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(Court of Appeal; 22 February 2008; Pill and May LJJ and Sir Peter Gibson)
The husband had run a farming business in partnership with his mother; the mother owned the property, and leased it to the farming business. After the wife brought divorce proceedings, the husband's mother changed her will, leaving the property to the husband's children by a previous marriage, rather than to the husband, in an attempt to minimise the wife's recovery in the divorce proceedings. The wife, who had worked for many years without pay to assist the farming business, and had operated a riding school from the farm, brought an action against the estate of the husband's mother, arguing that she had a beneficial interest in the farm. The judge found that although there had been no agreement or arrangement to share the beneficial interest, there was a common intention constructive trust based on conduct, and proprietary estoppel, and he declared that the wife had a 25% interest in the property.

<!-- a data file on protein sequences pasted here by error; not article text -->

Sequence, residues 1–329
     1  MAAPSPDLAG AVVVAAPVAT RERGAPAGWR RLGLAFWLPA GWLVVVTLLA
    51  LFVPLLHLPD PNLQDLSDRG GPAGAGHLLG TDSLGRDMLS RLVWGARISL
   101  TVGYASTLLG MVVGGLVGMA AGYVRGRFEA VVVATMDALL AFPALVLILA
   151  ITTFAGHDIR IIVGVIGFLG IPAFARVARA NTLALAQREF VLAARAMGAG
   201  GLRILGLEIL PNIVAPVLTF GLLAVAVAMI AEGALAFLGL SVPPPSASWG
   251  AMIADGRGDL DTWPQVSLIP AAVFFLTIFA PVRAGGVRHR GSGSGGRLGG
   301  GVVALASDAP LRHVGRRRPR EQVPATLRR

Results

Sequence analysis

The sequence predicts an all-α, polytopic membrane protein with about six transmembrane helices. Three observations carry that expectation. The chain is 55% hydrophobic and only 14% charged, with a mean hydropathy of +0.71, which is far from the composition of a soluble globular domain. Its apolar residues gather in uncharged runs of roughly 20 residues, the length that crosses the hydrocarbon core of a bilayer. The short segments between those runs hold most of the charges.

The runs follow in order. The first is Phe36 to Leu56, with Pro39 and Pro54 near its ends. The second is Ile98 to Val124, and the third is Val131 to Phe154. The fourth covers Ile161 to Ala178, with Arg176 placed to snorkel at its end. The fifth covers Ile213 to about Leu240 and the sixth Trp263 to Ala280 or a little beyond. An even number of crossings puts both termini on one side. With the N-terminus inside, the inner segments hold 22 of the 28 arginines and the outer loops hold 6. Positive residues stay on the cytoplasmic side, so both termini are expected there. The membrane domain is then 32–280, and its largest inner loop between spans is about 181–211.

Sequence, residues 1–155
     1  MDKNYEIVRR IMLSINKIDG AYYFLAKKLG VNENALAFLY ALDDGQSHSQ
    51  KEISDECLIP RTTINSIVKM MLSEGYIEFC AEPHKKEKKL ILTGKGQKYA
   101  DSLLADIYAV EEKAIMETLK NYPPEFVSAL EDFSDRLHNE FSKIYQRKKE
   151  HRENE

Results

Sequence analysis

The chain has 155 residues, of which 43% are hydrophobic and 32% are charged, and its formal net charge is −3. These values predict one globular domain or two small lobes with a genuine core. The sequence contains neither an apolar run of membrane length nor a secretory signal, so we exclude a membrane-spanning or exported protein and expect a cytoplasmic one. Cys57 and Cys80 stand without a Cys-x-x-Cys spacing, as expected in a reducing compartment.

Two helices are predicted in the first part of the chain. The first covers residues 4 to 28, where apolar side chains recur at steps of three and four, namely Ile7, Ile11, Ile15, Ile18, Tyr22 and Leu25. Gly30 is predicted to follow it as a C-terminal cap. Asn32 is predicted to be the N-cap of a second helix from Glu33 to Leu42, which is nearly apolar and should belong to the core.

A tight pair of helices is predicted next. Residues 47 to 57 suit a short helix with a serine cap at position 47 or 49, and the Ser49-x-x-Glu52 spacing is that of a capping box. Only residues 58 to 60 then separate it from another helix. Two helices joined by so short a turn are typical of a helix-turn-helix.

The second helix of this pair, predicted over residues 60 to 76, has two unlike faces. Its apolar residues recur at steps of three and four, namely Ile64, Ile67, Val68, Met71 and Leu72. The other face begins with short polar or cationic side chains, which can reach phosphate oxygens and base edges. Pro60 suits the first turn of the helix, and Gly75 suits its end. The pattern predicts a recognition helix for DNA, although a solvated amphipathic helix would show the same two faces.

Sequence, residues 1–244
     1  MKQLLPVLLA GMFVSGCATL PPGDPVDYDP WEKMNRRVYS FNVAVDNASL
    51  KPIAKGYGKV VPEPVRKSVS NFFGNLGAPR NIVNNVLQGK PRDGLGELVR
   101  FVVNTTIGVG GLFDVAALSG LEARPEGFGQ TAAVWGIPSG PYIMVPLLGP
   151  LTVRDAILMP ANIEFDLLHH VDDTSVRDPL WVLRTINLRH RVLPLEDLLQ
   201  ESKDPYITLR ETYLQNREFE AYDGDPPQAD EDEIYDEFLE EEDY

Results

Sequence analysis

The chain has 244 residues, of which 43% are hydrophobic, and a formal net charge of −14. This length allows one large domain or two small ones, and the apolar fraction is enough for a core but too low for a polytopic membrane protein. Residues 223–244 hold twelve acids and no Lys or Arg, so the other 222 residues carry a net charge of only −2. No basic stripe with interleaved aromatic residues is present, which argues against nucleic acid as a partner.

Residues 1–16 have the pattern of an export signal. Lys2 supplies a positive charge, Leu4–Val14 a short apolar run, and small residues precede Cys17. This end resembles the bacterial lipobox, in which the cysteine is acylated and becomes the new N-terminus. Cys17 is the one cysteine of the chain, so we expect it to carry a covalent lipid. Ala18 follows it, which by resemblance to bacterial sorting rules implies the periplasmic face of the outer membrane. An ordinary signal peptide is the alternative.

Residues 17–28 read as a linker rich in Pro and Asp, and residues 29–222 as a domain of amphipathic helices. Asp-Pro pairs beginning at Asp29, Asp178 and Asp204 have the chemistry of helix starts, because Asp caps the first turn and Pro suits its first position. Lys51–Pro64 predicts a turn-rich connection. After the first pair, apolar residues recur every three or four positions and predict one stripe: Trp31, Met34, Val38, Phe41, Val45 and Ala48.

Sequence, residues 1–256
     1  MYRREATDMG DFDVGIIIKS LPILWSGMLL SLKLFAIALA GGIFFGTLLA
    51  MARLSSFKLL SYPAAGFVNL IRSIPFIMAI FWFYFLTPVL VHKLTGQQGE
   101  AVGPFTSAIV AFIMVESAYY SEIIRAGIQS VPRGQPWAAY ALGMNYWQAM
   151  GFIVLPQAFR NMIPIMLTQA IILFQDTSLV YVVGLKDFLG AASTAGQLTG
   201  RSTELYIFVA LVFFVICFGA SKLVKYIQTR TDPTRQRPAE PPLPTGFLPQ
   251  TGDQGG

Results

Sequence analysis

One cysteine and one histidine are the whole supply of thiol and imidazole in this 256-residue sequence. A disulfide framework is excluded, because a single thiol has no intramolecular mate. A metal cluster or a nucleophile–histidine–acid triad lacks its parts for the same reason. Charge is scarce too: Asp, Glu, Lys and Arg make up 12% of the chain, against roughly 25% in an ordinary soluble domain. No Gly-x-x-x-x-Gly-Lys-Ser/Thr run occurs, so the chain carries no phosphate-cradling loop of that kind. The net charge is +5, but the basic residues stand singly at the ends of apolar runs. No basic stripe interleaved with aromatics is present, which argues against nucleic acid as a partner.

The judge had been beguiled into believing that he could produce what he regarded as a reasonable or fair result in the wife's favour; he did not have that luxury. There had been insufficient evidence to establish either a common intention constructive trust based on conduct, to be found only in exceptional circumstances, or proprietary estoppel. The court was to be cautious before finding that the activities of a wife or cohabitant could be explained on the basis that she believed she was acquiring an interest in land.